24.12.10

The Pattern Behind Self-Deception

I like going to uncomfortable places with my spiritual practice. I'm not sure what this is about but as soon as I get cozy with a point of view I like to begin exploring the opposite view. Especially things that make me uncomfortable seem to hold a perverse fascination for me and I am drawn to jump in there with that feeling and wriggle around in it. Usually I learn from it. Sometimes it gives me the heebie-jeebies and I flee. I think it has something to do with reconciling opposites.

The most interesting states of consciousness have emerged when apparently irreconcilable forces crashed in my inner world, hurling me to the outer limits of what I can conceptually frame. Often catastrophically collapsing everything I thought I knew and then from that rubble something strange and shiny emerges. I have got a huge amount of mileage out of magically jamming God and the Devil like this for instance, to name one dualism that I like to meddle with. The other being the atheist perspective with the theist - which as you may have noticed took the form of this recent controversial posting.

Lately it has been the attempt at reconciling scientific materialistic and animist perspectives. Reconcile is a strong word, I suppose. It really just is two parts of my own experience, both vivid and undeniable, reacting horribly to the utterly alien radiation of the other.

This has taken the form of investigating ideas which scientifically attempt to explain away, well, pretty much everything about magic, spirituality and the paranormal. This glib TED talk hits a nerve in that regard - striking at the heart of what magic and divination are all about: the emergence of meaning from pattern and how we delude ourself in that process. What if our preoccupation with sorcery really just is some cognitive defect - an evolutionary artefact? Check it out and share your thoughts. As occultists, conjurers, card readers  - how do you respond to the ideas presented in this lecture?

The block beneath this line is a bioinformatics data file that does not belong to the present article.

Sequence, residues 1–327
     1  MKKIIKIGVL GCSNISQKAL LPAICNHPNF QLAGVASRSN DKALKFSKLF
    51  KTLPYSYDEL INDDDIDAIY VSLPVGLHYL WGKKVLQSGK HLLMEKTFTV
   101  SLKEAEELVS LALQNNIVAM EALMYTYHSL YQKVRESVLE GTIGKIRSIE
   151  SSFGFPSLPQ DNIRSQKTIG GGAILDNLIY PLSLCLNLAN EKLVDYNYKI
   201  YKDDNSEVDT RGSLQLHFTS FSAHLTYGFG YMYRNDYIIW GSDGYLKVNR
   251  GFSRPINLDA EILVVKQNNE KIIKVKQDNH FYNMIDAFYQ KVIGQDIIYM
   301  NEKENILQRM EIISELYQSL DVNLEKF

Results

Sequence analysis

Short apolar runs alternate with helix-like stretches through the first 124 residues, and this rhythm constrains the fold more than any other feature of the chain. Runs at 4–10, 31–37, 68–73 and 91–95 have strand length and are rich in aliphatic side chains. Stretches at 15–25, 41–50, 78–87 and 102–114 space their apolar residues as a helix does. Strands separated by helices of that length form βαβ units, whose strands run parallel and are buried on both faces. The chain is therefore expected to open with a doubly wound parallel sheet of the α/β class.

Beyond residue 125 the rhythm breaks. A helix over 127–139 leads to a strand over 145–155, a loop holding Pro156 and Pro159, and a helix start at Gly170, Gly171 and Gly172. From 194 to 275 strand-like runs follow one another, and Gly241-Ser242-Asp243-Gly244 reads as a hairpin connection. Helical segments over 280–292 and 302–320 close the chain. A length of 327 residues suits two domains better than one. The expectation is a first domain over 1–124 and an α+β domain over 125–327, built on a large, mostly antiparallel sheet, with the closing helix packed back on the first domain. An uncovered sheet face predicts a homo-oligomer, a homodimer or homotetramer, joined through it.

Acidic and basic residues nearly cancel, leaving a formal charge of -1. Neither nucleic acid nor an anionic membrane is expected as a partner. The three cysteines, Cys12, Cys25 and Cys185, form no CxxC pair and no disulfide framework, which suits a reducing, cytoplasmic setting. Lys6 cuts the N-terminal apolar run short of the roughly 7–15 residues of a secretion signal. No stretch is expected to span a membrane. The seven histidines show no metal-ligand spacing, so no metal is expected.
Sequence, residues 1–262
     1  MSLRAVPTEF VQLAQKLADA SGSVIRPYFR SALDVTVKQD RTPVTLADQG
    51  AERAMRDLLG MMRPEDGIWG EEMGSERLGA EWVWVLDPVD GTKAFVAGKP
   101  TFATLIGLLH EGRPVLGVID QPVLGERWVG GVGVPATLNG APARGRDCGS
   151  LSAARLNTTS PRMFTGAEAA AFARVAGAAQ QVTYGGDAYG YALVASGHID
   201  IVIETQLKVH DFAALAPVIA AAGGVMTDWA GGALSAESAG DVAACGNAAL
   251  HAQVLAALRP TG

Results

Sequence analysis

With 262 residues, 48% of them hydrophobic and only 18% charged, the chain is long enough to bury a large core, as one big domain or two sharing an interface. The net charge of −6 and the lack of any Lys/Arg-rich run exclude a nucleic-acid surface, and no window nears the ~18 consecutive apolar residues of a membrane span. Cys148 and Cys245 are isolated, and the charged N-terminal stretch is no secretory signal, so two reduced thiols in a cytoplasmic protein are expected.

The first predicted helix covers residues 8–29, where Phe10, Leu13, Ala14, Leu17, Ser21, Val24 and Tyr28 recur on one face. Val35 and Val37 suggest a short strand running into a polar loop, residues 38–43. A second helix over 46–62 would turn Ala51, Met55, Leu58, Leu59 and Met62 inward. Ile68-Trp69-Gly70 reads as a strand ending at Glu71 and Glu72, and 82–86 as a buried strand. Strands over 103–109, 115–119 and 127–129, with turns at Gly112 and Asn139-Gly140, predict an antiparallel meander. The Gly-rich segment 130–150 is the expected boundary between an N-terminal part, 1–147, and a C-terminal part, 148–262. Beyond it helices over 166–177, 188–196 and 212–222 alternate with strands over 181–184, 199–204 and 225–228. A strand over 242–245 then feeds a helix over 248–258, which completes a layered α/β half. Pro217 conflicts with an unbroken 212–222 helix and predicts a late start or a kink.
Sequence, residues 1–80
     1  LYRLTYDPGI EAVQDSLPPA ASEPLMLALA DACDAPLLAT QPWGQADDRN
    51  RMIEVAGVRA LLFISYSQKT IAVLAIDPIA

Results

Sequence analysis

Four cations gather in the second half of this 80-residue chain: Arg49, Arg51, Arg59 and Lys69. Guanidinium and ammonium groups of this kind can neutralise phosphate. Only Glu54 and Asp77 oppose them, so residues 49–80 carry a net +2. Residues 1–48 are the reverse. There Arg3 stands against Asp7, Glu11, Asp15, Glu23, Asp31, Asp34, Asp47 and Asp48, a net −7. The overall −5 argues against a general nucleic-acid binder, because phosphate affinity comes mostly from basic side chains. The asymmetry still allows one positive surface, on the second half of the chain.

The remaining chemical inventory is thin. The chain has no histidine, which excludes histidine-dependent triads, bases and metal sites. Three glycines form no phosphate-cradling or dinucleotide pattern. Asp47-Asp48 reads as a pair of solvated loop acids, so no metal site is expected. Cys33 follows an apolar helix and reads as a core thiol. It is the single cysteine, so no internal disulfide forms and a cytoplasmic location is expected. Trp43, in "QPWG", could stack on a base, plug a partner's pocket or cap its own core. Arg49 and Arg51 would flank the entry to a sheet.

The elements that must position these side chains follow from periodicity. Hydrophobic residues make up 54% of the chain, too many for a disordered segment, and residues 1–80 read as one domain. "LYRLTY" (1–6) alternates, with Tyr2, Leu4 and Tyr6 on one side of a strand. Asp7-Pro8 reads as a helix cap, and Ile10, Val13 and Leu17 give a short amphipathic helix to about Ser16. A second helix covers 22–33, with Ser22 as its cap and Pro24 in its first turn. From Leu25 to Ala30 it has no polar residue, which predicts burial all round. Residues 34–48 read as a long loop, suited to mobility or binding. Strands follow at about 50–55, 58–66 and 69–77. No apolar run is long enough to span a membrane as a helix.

3 comments:

  1. Ok I spend a lot of time thinking and working with these issues. The most useful tool, in my opinion, is the concept of world view. This is not just our conscious philosophy, it is also are unconscious views of reality, in fact it is our reality.

    The reason that that the points made in the video seem persuasive is that they arise out of the atheistic/materialist world view which is held by Science and Academia and is our standard modern reality. More details here http://renaissance-astrology.blogspot.com/2008/12/modern-world-view.html

    The problem is that it is very difficult to see our world view as one of many possible world views, it simply is reality and anyone who denies it or views things differently is simply wrong or likely insane.

    That's true of the speaker in this video. He attacks belief, without recognizing that he himself believes in science and the atheistic/materialist world view. For example, in talking about patterning he indicates that he believes in randomness, that the brain is the basis of thought and consciousness and that a objective reality exists separate from any observer.